The New York State (NYS) Department of Health (DOH), AIDS Institute (AI) approach outlined in our application represents an expansion of current services and supports provided to incarcerated and recently released Persons living with HIV (PWH) and those at risk for HIV across NYS. Our approach leverages long-standing collaborative partnerships with NYS Department of Corrections and Community Services (DOCCS) and community-based organizations (CBO) that work with PWH incarcerated or recently released from DOCCS facilities. The AI has a long-standing, 30-year history of working collaboratively with DOCCS and CBOs to serve incarcerated and recently released PWH and HIV-negative persons engaging in high risk behavior throughout the state through our Criminal Justice Initiative (CJI). Through our CJI programming, CBOs throughout the state provide in-facility pre-release linkage and navigation services, peer education and training, HIV/STI/hepatitis prevention, trauma informed supportive services, and anonymous HIV testing. In addition to pre-release services, three (3) CBOs provide community reentry linkage and navigation services for PWH who are releasing to the New York City metro area. Our project will ensure the same level of services can be provided to PWH returning to communities outside of NYC, specifically Upstate New York
(Hudson Valley, Capital Region and North Country, Central NY, Finger Lakes Region and Western NY). Following the NYC model, Linkage Specialists (LS), employed by our partner CBOs, will help PWH reentering Upstate New York (Upstate NY) communities navigate complex systems of care through their long-standing relationships with area medical, community-based, and social service providers. Barriers to reentry/engagement in care in UNY include lack of public transportation in more rural areas; fewer medical providers, mental health providers, substance use providers, HIV specialists, and other complex health and social/service providers. Existing CJI providers serving Upstate NY are well-established CBOs that offer a wide range of services and supports for PWH that can be accessed by recently released PWH. In addition to their own internal services, these CBOs have long-standing relationships with other medical and social service providers and DOCCS Community Supervision in their regions that ensure prompt access to medical and social services and supports for recently released PWH along with their partners and/or associates. Outcome measures will include post-release linkage to and retention in community HIV-related medical care and HIV viral load suppression. Outcomes to be monitored include: increased identification and monitoring of PWH incarcerated in state prison and projected to be released to the community within 6 months; increased pre-release HIV prevention and care planning for PWH incarcerated in state prison and projected to be released within 6 months; increased timely identification of PWH not linked to HIV medical care within 30 days after release; improved timely linkage to and continuity of HIV medical care and service delivery for PWH released from state prison; increased retention in HIV medical care and sustained HIV viral load suppression for PWH released from state prison; increased awareness of HIV status among partners and associates of PWH releas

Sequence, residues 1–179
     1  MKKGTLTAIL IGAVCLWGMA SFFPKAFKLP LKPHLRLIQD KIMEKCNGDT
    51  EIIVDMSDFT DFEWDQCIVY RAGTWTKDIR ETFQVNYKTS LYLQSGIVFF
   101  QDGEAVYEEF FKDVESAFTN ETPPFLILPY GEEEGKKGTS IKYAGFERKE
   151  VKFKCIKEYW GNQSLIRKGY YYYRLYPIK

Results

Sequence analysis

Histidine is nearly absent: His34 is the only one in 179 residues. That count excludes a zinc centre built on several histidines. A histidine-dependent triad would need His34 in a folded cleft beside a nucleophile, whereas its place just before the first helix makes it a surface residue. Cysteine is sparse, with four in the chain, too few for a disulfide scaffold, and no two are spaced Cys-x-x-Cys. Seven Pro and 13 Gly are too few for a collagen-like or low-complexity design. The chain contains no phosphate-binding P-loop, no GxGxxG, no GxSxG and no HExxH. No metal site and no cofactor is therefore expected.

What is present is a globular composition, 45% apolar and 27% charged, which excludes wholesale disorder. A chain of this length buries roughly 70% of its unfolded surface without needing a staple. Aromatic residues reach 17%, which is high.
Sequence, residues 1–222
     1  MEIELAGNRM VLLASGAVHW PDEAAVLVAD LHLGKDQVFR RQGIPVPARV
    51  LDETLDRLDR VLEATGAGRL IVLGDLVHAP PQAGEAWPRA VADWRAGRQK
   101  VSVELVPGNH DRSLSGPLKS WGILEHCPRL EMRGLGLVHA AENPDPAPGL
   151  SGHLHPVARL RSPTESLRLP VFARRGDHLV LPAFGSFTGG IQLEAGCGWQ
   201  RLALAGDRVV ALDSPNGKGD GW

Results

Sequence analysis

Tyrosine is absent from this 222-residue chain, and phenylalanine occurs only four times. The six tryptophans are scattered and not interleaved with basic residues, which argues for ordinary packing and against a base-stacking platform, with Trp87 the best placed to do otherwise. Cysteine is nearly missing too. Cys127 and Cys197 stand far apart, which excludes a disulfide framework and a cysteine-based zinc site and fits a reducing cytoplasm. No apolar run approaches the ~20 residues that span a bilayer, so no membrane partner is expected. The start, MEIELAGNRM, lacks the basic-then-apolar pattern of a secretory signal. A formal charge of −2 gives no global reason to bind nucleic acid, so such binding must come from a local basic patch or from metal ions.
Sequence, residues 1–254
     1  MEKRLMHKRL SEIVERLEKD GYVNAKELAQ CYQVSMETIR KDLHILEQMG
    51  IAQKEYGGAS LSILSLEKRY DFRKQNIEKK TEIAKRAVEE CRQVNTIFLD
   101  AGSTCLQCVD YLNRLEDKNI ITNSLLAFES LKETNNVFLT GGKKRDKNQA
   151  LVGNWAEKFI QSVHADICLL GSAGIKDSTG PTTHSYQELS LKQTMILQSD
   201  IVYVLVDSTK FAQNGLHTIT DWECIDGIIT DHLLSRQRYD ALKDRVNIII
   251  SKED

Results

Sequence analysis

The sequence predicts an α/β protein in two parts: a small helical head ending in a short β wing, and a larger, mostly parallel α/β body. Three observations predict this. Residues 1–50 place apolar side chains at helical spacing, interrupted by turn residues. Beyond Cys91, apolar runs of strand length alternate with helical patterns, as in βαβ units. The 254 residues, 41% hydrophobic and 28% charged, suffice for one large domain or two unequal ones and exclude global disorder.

ed from state prison who are living with HIV; increased awareness of risk for HIV among HIV-negative partners and associates of PWH released from state prison; increased receipt of HIV medical care by partners and associates of PWH released from state prison who are living with HIV; and increased receipt of HIV prevention services, including linkages to PrEP and STI / HCV screening, by HIV-negative partners and associates of PWH released from state prison. All specific, measurable project outcomes to be met are listed in our work plan.